We usually toss around platitudes like “It doesn’t matter that much” when discussing lineup construction.  On an almost daily basis during baseball season, many of us (myself firmly included) find nits to pick with the order in which nine names are written on a piece of paper.

Is our nit-picking justified?  How many runs (and wins, perhaps) is Price giving up?  I’ll venture to show that “not many” is the correct answer, and that the platitude is correct.

To be fair, most of this sort of work has been done in The Book, but I like to take principles like those and apply them in a more specific manner.

Here is the lineup of Bryan Price from yesterday’s season opener:


The figures in the chart represent each player’s career slash line against RHP.  For the “Pitcher,” I used the league average from 2016 against RHP for each pitcher.  Boy, isn’t it fun to watch players with a collective .338 OPS bat? (That’s a topic for a different article altogether! 😉 )

Honestly, there’s nothing hugely wrong with it once you get over the fact that you’re giving the most plate appearances to a couple of light-hitting speedsters rather than the superlative Joey Votto (domination by Jeremy Hellickson notwithstanding).

Using a method I have devised (I’m sure someone else has done this, but I haven’t seen it!), we’ll look at the expected run output of this lineup, versus what we’ll call an “optimized” lineup to see how our expectations and complaining natures line up.

Before we do that, I need to introduce the idea of runs created.  Many of you are familiar with wRC+, which is “runs created” normalized and put on a scale where 100 is league average, while also adjusting for the park you play in. Every point above or below 100 is 1% better or worse than league average.  If you removed the scaling and the park factor, you back yourself into simply weighted runs created, or wRC.  More on that topic here.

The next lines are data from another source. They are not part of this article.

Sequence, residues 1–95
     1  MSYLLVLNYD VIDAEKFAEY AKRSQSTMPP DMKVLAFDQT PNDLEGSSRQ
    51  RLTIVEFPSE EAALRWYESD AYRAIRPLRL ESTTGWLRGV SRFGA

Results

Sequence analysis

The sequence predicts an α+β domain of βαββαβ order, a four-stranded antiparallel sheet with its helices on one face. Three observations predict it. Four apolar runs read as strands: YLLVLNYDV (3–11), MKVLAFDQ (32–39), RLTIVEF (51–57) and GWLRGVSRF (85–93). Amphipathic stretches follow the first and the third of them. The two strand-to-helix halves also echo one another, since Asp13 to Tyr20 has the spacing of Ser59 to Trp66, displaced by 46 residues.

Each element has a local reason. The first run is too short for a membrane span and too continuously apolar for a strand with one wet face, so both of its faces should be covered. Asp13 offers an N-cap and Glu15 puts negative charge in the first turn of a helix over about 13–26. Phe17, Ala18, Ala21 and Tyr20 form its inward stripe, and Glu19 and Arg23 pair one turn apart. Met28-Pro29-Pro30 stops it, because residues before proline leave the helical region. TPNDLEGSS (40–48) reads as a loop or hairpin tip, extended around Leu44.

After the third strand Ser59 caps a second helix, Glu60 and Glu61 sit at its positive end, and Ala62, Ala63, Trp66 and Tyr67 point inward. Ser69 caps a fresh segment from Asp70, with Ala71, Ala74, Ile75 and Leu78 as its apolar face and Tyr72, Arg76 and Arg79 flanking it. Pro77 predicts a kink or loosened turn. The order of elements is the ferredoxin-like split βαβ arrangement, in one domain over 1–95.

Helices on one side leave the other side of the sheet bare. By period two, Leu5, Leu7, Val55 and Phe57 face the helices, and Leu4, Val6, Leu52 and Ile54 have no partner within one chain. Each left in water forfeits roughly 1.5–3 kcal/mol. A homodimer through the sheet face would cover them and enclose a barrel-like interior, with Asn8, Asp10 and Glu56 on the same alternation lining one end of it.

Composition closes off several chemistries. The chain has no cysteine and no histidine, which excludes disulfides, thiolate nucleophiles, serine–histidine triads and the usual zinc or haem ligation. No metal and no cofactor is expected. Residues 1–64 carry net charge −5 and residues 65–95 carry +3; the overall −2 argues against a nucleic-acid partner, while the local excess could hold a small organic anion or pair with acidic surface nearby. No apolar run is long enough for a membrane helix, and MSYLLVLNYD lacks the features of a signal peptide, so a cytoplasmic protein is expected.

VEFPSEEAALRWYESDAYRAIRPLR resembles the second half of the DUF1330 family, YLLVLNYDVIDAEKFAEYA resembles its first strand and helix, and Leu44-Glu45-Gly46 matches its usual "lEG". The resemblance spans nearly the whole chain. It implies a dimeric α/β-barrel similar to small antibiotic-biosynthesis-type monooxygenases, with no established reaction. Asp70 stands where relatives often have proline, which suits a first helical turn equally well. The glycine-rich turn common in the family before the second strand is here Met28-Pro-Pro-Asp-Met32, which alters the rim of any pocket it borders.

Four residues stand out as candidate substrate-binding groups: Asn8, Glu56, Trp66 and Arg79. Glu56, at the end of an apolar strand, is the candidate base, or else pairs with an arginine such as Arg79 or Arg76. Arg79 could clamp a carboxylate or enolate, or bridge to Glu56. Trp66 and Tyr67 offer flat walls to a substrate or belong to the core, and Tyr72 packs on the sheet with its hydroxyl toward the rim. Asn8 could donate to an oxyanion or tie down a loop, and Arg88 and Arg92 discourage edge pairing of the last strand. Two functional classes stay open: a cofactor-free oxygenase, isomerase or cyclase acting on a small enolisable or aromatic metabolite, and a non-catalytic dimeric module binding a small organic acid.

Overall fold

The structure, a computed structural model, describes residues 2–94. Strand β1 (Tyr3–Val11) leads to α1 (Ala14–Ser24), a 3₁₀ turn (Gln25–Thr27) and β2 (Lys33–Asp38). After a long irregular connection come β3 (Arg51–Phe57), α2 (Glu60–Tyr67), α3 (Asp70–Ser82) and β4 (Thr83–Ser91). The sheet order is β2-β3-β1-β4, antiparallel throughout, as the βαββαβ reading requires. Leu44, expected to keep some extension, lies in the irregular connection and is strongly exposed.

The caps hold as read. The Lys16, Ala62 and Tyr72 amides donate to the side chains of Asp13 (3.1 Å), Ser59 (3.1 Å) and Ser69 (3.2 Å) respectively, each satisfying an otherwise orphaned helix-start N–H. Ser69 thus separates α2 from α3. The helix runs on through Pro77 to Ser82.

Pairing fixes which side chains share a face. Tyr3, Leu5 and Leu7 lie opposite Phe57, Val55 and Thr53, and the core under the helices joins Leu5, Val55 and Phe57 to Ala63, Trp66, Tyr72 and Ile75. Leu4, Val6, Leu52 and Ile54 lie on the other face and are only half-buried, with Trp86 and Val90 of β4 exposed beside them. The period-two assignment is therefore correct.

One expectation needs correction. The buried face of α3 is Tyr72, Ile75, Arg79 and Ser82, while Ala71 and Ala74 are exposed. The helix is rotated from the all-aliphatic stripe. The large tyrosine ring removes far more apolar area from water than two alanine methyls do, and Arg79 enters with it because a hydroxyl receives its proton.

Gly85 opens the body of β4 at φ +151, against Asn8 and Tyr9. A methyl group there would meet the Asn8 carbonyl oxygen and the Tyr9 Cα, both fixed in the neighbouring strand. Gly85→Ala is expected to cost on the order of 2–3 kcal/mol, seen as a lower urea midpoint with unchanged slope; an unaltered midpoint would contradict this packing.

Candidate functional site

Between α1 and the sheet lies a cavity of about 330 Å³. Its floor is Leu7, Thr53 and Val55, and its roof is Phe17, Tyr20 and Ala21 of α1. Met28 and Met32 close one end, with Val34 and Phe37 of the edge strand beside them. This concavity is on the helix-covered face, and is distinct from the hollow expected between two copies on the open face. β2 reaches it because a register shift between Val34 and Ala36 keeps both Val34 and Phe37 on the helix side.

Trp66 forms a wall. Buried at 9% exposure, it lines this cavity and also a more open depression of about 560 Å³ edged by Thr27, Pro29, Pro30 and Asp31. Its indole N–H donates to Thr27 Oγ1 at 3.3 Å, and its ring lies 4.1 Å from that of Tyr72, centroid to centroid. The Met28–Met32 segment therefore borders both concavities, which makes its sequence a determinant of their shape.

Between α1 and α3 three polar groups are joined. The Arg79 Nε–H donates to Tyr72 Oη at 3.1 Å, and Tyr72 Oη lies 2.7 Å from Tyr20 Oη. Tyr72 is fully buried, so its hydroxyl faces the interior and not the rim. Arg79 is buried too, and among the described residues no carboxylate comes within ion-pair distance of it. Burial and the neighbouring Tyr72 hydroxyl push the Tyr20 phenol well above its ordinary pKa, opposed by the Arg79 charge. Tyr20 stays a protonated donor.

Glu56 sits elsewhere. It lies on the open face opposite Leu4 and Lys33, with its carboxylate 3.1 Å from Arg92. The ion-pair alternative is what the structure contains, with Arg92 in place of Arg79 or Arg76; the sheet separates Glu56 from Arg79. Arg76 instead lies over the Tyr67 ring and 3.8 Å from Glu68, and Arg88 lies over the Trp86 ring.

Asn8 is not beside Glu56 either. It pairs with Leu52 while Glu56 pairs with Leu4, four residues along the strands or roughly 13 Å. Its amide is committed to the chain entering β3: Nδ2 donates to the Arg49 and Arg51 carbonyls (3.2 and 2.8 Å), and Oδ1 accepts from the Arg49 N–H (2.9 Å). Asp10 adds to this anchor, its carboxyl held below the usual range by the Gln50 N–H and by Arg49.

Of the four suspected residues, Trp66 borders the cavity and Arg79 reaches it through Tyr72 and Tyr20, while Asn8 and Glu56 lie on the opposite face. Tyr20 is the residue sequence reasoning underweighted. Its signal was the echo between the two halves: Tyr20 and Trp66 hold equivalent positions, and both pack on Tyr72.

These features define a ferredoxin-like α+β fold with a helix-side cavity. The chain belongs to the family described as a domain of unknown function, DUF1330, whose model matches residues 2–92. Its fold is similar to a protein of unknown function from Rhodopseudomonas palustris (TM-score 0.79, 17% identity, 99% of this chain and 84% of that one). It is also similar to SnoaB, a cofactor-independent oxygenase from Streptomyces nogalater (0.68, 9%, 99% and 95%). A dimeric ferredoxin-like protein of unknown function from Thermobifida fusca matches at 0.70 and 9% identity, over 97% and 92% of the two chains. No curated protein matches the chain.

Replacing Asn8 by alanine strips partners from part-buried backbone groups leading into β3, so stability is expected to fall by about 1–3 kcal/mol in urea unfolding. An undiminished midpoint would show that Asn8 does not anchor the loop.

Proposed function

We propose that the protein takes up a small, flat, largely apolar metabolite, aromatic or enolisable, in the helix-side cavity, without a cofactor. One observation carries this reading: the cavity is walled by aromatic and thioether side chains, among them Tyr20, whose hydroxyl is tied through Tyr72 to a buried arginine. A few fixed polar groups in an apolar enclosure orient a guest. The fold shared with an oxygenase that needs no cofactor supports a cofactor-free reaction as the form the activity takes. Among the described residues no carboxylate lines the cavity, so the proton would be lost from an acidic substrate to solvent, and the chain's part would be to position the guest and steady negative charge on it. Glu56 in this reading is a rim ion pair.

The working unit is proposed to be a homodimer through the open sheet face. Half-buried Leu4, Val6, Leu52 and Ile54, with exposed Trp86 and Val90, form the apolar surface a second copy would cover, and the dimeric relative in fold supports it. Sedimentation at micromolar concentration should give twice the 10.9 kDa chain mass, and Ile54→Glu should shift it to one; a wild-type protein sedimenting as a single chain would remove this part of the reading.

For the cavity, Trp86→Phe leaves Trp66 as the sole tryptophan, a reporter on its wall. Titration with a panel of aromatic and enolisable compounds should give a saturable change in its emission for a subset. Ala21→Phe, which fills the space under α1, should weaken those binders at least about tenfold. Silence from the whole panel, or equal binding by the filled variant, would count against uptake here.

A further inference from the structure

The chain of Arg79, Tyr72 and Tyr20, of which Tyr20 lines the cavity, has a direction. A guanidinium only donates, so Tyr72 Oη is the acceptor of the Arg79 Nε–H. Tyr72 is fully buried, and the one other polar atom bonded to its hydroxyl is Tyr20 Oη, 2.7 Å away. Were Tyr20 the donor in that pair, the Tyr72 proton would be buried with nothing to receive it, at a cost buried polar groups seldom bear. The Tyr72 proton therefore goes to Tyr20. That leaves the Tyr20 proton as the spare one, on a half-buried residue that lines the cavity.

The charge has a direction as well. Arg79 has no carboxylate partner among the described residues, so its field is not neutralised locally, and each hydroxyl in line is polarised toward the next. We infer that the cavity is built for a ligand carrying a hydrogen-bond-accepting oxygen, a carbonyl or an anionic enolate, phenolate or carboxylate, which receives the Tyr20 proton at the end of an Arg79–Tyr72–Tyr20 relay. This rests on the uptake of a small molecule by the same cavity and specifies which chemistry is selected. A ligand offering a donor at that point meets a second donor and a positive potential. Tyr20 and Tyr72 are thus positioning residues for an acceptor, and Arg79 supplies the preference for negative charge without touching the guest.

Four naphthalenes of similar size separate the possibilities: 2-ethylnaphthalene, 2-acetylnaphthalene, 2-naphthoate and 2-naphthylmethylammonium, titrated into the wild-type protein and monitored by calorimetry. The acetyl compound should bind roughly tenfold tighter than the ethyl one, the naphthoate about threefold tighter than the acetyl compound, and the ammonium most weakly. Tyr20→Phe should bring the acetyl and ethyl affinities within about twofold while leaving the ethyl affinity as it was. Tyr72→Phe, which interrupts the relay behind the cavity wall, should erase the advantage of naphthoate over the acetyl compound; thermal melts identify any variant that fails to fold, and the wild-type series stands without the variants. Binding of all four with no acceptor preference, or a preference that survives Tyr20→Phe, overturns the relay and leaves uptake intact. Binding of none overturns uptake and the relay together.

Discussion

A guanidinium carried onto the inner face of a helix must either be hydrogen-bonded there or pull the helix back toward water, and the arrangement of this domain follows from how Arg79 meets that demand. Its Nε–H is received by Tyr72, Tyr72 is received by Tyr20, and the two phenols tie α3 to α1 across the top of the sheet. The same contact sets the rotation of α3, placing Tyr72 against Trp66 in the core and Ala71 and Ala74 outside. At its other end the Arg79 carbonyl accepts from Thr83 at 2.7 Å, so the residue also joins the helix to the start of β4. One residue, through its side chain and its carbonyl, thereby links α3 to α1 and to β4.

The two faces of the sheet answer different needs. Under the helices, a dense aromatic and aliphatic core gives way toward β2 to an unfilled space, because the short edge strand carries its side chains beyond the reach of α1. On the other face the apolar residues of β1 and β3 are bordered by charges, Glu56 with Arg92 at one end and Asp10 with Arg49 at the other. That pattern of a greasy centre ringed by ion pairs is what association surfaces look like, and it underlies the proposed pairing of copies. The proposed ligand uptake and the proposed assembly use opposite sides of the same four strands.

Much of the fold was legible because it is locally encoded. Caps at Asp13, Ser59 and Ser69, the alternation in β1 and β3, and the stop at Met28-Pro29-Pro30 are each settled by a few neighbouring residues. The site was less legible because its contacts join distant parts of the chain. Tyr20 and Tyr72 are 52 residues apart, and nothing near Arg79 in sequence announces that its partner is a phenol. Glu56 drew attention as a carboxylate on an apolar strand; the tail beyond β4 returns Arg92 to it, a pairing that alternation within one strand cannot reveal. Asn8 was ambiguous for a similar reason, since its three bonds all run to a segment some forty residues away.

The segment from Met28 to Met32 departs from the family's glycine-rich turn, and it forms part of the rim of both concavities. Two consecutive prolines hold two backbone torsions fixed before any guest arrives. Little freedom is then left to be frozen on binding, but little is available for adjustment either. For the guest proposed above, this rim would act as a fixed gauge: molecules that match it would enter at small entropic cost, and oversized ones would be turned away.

So, here’s Price’s lineup alone with each player’s career wRC againt right-handed pitchers, plate appearances, and how many runs they create per 100 PA (to make the number prettier).  The final two columns show the relative difference in plate appearances each lineup spot will receive in a season, with the lead-off hitter scaled to 600 PA.


As we can easily see, the higher a player hits in the lineup, the more PA he will receive in a season.  Pretty easy stuff.

I’ve bolded the wRC per 100PA column for an important reason.  This is a proxy for overall productivity.  It shows how many runs a player creates, in simplest terms.  Wouldn’t it make sense to give players more PA if they create more runs per PA?  Wouldn’t this lead to a maximization of runs scored?  Well, in theory, yes.  It would.  In the real world the answer is a bit more muddy.  wRC has all situational considerations stripped out.   For example, a solo home run counts the same as a 3-run home run in wRC world.  The reason for this is that the player who hits the home run does not control whether or not the person in front of him gets on base, so why should he be rewarded or penalized?  Using wRC as the framework for our analysis, we don’t need to worry about things like “Well, if we bat Votto 1st, he will always have the bases empty in the 1st inning, thus not being able to drive any runs in.”  This is true, but also not the point of this exercise.  The point is to see how many runs Price might be leaving on the table versus a mathematically-optimized, context-neutral lineup.

So, let’s look at that now!


First think you’ll notice is that I made the lineup in descending order of wRC per 100 PA.  I’ve also shown the difference between the new lineup spot and Price’s lineup spot, as well as how many extra PA that will get a player.  Finally, we see how many extra (or fewer) runs a player would be expected to produce given their change in playing time.  We add them all up and get….

Six runs.

At least by this measure, Price’s lineup is theoretically leaving only six runs on the table over the entire season when compared to an optimized lineup.

Perhaps it’s time for me to stop complaining about lineups… pfft… like I would ever do that…


13 Responses

  1. Jason Linden

    You know, if you included baserunning, which I don’t think is part of wRC, it might be even fewer than six runs.

  2. Chad Dotson

    On the other hand, it would be better to have six more runs. Seems like the Reds should be in the business of optimizing results, even on the margins.

  3. Turd Barkley

    Put your two best on-base hitters in front of Votto. The rest is details.

    • Streamer88